This proves beneficial to Finn until his very last days, where he is surrounded by those who love and care for him. It’s a moment that is a bit touching, though it mostly focuses on being silly and light. I mean, even if our main protagonist is technically dying, we all know he isn’t actually just going to be killed off, so we spend more time enjoying Finn as an old coot, until he dies and enters some form of Dead World. Here, he’s met with a demon-like character known as GOLB, who is featured in subsequent episodes and may or may not be the big bad that kicks off the entire series. But we’ll see, I guess?? Finn’s only interaction with this deity is a brief bounce off of his tongue, as he re-enters the reality he left behind in Ooo. And if I had to guess, I’d probably have to say that the Pillow World Finn entered was real, and Finn’s interaction with GOLB simply erased that reality from his timeline and memory. Though, Finn is presumably met with a lesson at hand when Flame Princess does call to acknowledge how funny Finn’s joke was. He doesn’t recall a single thing that happened in his “dream” but the call from FP showed him that he was simply overreacting, and that viewing anything with an attitude of acceptance and patience is really much more worthwhile and mentally beneficial than creating drama and alternate versions of reality within the realm of your mind. That’s what I got out of it, at least. I’m sure y’all have plenty more interpretations yourselves, so feel free to share!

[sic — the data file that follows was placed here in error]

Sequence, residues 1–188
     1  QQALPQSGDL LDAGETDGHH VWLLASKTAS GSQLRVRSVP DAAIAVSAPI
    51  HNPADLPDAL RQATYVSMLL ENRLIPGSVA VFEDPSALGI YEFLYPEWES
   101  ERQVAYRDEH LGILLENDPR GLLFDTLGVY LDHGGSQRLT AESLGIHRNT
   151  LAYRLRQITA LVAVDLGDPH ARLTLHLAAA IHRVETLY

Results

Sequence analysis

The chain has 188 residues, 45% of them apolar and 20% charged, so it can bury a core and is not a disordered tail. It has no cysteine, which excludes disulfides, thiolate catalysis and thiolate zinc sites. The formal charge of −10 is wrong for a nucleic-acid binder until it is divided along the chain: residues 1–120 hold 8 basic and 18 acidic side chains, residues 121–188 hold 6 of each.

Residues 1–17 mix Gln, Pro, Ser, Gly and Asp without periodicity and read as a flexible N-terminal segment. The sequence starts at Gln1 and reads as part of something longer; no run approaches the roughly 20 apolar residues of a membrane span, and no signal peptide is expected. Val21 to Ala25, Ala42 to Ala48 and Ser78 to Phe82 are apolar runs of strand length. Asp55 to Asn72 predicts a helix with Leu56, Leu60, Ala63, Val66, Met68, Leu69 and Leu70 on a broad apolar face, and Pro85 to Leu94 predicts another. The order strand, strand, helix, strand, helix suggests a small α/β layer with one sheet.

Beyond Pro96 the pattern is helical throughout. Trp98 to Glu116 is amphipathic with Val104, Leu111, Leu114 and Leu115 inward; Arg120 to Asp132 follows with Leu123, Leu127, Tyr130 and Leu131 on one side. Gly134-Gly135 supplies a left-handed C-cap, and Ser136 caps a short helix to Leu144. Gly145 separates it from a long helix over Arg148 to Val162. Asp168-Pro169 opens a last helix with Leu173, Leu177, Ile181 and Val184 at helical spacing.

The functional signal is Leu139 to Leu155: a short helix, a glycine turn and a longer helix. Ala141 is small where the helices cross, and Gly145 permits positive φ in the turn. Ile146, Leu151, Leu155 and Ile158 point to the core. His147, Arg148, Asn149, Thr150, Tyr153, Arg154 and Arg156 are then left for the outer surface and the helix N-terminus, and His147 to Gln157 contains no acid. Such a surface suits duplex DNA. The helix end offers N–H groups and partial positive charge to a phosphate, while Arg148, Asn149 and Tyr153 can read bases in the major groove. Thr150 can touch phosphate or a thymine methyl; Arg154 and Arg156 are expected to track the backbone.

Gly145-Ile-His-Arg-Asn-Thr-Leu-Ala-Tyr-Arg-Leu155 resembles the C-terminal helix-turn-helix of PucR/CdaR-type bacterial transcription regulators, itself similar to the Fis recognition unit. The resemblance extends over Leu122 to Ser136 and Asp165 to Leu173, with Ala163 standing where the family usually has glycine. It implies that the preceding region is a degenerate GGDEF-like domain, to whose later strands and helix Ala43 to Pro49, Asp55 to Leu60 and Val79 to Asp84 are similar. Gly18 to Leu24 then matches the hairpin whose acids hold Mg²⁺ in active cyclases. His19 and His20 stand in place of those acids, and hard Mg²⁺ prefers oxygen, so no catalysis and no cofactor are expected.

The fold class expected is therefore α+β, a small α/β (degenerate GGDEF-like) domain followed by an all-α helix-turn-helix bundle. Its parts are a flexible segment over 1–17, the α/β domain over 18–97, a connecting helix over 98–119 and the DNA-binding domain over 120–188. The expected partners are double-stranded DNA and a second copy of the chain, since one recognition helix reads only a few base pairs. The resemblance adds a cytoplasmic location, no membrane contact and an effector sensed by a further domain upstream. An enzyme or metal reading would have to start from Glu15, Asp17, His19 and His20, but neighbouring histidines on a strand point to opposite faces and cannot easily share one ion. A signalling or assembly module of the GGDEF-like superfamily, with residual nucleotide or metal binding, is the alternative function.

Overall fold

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And I neglected to mention the brief glimpses we get into BMO and Jake straight chillin’ within the Treehouse, which are just as terrific. They range from silly to somewhat poignant, where we get some funny and enjoyable lines like, “Jake, you drive a hard burger;” BMO’s incapability to grasp the human language never tires on me. There’s also a totally out of nowhere scene where BMO asks Jake if he misses his babies, and Jake just sadly grunts, which actually is pretty effective. We haven’t heard anything about the kids for 10 or so episodes, so it’s nice to see that they are acknowledging that Jake isn’t quite over the fact that he didn’t have a proper chance to raise his children, and that it is affecting him in one way or another. Also, the Pillow World, while thoroughly enjoyable, was somewhat light on actual jokes, so it was nice to have these brief interludes with the Treehouse boys.